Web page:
The Tattooist

Thought provoking and vibrant. As much as short the runtime is, this arthouse project stays in your head for days. Days!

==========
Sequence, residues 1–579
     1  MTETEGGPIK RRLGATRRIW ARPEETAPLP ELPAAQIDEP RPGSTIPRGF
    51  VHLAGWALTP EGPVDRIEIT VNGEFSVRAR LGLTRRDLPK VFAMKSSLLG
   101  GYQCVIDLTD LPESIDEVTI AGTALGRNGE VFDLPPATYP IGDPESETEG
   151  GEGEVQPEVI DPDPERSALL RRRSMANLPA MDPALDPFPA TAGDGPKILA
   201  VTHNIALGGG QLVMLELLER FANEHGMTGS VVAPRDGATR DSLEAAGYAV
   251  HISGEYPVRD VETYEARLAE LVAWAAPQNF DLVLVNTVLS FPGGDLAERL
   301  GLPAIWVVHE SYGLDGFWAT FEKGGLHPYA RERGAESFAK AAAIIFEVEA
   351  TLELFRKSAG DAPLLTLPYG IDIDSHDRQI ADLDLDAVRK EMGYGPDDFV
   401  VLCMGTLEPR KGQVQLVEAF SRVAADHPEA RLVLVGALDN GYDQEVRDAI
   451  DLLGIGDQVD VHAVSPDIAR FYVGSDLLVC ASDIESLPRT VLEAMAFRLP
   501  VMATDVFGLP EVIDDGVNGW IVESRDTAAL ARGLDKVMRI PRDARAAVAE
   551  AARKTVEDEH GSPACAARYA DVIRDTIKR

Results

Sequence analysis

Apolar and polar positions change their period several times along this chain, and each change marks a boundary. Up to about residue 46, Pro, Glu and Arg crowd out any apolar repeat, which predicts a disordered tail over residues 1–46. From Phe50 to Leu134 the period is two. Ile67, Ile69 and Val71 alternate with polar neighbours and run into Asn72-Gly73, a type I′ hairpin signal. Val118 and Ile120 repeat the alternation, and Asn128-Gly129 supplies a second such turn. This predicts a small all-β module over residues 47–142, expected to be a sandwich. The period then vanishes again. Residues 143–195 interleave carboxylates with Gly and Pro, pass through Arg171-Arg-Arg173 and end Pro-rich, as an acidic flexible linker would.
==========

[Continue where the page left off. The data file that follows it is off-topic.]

Michael Wong is completely on a new island, here. He is challenging himself and if he is in this new field, biking, hitch hiking and surfing violently, he wants his audience to go through that same experience. I am usually there, with the filmmaker, among those characters, for I respect the sport that they play and yearn for. But not every audience member could be asked to have that same sensibility and passion. Often or not, they require a push, a proper emotional boost to jump in that set piece. And since this short film is incredibly short and cannot be asked to possess emotional punches for the audience to communicate with them. The cinematography is incredibly open with us in that factor. The way the first shot of the film opens up and drives us, guides us, in this shady parlor that breathes the neo-noir genre of the film, we are up and ready in a snap just as the background score suggests us to be. Michael is monstrously confident and in command of this second project of his. More than the first, I found the style and etiquette of this horror attractive and expressive in what it has to say. The storyline is more of a question, if his first project was a gesture, the genre then is justified properly when this very precarious theme haunts you as the credit roles. This is fast, visually rich, compact and sleek filmmaking on “getting into your head”. The Tattooist spoke to me, for it is passionate and strict in its vocabulary. You are confined by dark boundaries that are slowly pushing towards you just as that almost-one-minute is ticking at the back of your head.

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